Food safety as a global challenge

What makes something “authentic”? - von Prof. Dr Markus Fischer

Whether a foodstuff is “authentic” – i.e. whether it is genuine or original – is of considerable importance not only ­for the complex and global procurement chain that drives the food processing/­manufacturing industries but also for consumer safety.

Image-based cytometry – a technology conquers cell culture

Star charts and Petri dishes - von Dr Daniel H. Rapoport, Dr Tim Becker

Cell cultivation has now become an indispensable part of scientific investigation and applications within medicine. From a simple substance test to the autologous cell therapies of the future, cell technologies are based on the controlled propagation of cells. An important step towards this goal is the non-invasive characterisation of the cell population grown. New methods in image-based cytometry offer an ideal platform technology for this purpose.

The critical role of fatty acid channeling between membrane and storage lipids

When lipid meta­bolism breaks down - von Prof. Dr Sepp D. Kohlwein, Dr Neha Chauhan, Dr Harald F. Hofbauer

Although as thin as the skin of a soap bubble, they are nonetheless vitally ­important. Biological membranes, 10,000 times thinner than a human hair, ­form a physiological barrier to all the cells in our body and are thus responsible for mediating exchanges between the cell interior and the external environment. Minor changes to their composition, such as those involved in lipid meta­bolism disorders, can have fatal consequences for events within...

OMI (Organic Molecule Identification) in water using LC-MS(/MS): Steps from “unknown” to “identified”: a contribution to the discussion

In a class of its own - von PD Dr Thomas Letzel, Thomas Lucke, Dr Wolfgang Schulz, Dr Manfred Sengl, Dr Marion Letzel

The analysis of small organic molecules in water is highly demanding,
on account of the presence of varia­bility in the water matrix (rain-, ground- and drinking water, plus ­surface and waste water) and the spectrum of chemical structures, present in a wide range of concentrations. In the Lab & More International, 2014, 1 (pp. 14–18), we introduced the water analysis methods of target screening, suspects screening and non-target screening,...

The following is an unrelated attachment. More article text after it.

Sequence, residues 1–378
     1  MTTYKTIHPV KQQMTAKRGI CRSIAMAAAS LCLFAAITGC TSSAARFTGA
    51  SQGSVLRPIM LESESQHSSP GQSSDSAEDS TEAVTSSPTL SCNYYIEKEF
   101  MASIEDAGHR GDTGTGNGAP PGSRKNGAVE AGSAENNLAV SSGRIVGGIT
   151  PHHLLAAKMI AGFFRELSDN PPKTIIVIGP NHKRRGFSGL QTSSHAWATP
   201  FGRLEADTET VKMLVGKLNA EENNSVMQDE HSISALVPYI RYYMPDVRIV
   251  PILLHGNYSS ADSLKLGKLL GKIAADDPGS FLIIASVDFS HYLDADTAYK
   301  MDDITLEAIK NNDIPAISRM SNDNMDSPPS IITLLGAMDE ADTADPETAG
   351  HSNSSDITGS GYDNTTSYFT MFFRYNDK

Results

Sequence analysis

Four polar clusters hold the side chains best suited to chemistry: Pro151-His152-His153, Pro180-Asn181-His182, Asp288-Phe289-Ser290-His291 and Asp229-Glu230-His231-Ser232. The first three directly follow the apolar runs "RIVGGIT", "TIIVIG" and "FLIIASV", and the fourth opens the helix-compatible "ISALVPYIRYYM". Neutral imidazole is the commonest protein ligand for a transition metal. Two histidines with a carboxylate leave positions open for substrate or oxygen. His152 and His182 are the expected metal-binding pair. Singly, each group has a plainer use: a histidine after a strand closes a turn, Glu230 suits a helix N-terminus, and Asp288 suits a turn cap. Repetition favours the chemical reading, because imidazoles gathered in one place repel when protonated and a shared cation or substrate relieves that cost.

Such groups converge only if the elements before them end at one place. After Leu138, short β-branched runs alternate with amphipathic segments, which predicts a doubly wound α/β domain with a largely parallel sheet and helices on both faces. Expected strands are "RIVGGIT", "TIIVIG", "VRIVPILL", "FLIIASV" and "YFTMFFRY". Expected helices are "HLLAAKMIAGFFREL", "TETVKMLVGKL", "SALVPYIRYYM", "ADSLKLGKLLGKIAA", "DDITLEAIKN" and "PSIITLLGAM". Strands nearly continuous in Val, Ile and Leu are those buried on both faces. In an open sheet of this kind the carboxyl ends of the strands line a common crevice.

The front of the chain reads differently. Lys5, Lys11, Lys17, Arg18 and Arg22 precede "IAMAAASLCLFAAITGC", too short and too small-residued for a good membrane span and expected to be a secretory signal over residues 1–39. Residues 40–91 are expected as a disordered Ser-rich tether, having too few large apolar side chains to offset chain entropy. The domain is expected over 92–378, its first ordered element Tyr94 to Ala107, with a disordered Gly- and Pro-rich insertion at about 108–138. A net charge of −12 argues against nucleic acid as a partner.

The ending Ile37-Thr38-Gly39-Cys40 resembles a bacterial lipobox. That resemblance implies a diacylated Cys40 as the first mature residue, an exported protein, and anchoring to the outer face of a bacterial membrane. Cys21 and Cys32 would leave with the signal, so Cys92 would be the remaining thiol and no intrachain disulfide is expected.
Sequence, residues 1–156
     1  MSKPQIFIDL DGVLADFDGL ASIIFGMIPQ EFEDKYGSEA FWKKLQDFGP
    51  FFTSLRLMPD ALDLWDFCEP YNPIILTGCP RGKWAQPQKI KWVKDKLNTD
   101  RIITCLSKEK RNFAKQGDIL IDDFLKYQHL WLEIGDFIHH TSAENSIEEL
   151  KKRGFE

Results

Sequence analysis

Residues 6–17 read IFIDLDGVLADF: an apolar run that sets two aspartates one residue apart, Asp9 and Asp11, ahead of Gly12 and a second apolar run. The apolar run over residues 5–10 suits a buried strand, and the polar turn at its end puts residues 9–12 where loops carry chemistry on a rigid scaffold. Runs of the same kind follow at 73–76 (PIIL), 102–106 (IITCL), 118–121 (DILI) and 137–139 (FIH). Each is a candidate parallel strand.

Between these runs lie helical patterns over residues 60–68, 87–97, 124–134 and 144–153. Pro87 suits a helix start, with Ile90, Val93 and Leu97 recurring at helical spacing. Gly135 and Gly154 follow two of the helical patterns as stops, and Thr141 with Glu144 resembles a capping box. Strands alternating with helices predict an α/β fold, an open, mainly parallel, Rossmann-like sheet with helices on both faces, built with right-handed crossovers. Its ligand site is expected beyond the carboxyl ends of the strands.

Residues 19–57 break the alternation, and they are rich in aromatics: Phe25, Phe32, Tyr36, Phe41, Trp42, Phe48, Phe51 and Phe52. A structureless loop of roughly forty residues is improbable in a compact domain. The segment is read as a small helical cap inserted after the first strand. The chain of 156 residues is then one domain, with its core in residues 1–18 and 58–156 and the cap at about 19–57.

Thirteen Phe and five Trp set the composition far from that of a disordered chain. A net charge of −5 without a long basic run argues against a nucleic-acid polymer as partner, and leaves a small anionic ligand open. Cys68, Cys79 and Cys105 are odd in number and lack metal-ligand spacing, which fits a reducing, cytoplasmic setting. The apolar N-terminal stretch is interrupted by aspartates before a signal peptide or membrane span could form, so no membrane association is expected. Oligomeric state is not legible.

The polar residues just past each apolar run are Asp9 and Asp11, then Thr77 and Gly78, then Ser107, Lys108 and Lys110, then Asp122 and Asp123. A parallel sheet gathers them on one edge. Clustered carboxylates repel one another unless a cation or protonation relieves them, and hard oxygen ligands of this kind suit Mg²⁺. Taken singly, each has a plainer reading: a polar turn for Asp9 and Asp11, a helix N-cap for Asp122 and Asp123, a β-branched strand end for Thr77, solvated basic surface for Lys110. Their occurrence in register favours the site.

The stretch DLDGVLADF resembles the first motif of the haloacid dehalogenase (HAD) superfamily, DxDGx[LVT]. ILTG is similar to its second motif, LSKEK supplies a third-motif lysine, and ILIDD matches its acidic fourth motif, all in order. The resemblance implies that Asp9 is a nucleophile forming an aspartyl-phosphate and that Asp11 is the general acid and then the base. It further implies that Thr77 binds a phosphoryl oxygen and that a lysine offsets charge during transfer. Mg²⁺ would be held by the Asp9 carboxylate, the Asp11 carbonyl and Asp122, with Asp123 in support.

Development of the next generation of synthetic extracellular matrices for 3D cell culture

Dessert for organ regeneration - von Prof. Dr V. Prasad Shastri, Aurélien Forget

Imagine that you are dining at a Japanese restaurant and at the end of the meal, the waiter serves you this beautifully ­laid out and decorated dessert. Besides being brightly colored and simply delicious, some of these desserts might remind you of what is called “pudding” in western cuisine. Believe it or not, these Far Eastern sweet deserts are made of agarose, a polysaccharide extracted from red algae, which has been used as a cooking ingredient...

The potential and limits of Raman spectroscopy methods in medical diagnostics

Quick, comfortable diagnosis - von Prof. Dr Jürgen Popp

As the proportion of elderly people in the population continues to rise, we are facing the growing challenge of providing affordable and ­sustainable healthcare systems. An impending collapse of these ­systems can be avoided only by developing new methods and ­equipment that enable disease to be detected and tackled as early ­as possible. Ideally, this would be no later than the occurrence of initial disease-driven changes at a molecular level.

The utility of the chloroplast genome in verifying food authenticity: a case study looking at Ecuadorian fine/flavour cocoa

Fine flavours - von Luise Herrmann, Prof. Dr Markus Fischer

Chocolate and other cocoa-based products have long been popular foodstuffs, associated as they are with ­pleasure and enjoyment of the finer things in life. If we think for a minute about the product design, the choice ­of packaging – and also the price – of some dark chocolate brands, we can see how these are promoted as premium products, just as is the case for other foods such as wine or coffee. Accordingly, consumers often find that cocoa-based...